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A gay retreat in West Virginia; Western Tennessee’s big gamble

A gay retreat in West VirginiaYou don’t expect to find a gay haven in the backwoods of West Virginia, said Laura Moser in The New York Times. But the tiny community of Lost River is “definitively the backwoods,” and it’s slowly evolving into “a sort of Provincetown on the Potomac”—a getaway for gay weekenders from Washington, D.C., about two hours away. “The beauty of Lost River, beyond its rolling green hills and clear streams snaking through hardwood forests, is its surprising cosmopolitanism.” The area’s first gay tourists were attracted by the Guesthouse Lost River, a small upscale lodge that started advertising in gay publications in the early 1980s. Gay and lesbian couples have since been major contributors to the local economy, creating the Lost River Farmers Market and, just this year, the upscale Lost River Trading Post. Thanks to the area’s “live and let live” attitude, more and more same-sex couples are choosing Lost River for their wedding receptions.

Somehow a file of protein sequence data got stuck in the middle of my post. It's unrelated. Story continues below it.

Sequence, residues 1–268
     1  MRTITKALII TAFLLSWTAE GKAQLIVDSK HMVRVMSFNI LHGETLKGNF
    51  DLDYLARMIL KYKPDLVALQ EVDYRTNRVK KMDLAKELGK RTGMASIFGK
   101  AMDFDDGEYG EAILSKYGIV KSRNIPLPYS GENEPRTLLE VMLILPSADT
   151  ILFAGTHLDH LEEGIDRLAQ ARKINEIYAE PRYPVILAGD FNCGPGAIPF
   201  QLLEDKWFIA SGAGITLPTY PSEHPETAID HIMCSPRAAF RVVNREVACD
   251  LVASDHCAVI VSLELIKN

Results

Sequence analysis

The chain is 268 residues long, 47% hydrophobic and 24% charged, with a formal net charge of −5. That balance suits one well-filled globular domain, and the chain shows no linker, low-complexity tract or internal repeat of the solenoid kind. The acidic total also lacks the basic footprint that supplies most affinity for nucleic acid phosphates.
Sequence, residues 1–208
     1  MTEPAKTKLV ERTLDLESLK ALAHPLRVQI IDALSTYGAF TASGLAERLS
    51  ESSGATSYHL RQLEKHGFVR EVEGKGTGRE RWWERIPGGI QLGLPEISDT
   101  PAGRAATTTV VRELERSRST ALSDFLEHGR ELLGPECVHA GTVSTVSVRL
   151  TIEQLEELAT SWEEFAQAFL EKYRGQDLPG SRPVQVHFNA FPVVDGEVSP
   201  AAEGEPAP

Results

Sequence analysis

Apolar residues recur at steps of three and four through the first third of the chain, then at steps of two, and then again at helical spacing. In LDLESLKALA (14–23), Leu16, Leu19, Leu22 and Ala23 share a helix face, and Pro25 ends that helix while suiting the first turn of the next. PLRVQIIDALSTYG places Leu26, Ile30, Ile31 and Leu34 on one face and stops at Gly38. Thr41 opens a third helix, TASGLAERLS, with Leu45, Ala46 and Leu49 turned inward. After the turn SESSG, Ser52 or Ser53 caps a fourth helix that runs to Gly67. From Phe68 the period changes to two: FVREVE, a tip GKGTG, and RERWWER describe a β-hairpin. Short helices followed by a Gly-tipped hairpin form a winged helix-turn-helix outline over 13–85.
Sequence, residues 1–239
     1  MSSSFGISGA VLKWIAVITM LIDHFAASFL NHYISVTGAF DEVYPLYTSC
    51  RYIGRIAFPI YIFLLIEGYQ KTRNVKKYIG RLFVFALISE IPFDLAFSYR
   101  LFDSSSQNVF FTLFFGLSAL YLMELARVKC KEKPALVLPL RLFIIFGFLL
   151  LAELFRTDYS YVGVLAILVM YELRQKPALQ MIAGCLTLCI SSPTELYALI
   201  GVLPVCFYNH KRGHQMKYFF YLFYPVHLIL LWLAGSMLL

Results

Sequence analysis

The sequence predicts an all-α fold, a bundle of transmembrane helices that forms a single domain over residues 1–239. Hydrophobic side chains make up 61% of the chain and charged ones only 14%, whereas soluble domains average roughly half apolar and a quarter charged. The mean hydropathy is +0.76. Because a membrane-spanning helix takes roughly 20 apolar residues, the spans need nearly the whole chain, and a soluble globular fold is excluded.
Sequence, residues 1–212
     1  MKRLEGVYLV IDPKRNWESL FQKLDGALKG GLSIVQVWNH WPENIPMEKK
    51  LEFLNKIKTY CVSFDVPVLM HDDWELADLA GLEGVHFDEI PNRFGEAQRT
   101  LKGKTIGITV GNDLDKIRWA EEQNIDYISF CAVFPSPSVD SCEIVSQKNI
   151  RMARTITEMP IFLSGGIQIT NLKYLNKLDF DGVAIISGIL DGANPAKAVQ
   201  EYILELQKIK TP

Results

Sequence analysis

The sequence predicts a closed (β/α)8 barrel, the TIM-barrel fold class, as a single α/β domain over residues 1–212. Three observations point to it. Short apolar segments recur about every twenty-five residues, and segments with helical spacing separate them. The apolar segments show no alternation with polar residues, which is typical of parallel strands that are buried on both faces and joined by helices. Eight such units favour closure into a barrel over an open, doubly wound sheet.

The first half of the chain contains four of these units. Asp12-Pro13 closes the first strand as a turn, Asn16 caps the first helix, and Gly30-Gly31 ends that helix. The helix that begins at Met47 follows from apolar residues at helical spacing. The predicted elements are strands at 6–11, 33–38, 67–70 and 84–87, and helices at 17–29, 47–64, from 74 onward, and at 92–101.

Western Tennessee’s big gambleUnion City, Tenn., is hoping that the world will soon be traipsing through its cornfields, said Jay Powell in the Nashville Tennessean. Work on the town’s new Discovery Park of America is “far from over,” but the $100 million complex in the state’s northwestern corner is open for visitors, and already features so many attractions that its CEO admits, “I’ve been trying to figure out for about two or three years how to explain it.” Funded by retail magnate Robert Kirkland, the park stretches across 50 acres and includes dinosaur fossils, an earthquake simulator, botanical gardens, and a 60-foot replica of the human body, complete with a 30-foot slide. The park’s centerpiece, a modern structure of “sleek and curvy” white walls, rises up above the park’s reproduction log cabins and train depot, all stops along a journey through history that culminates in space exploration. Discovery Park wines—and hotels to stay in—might be a couple years away.

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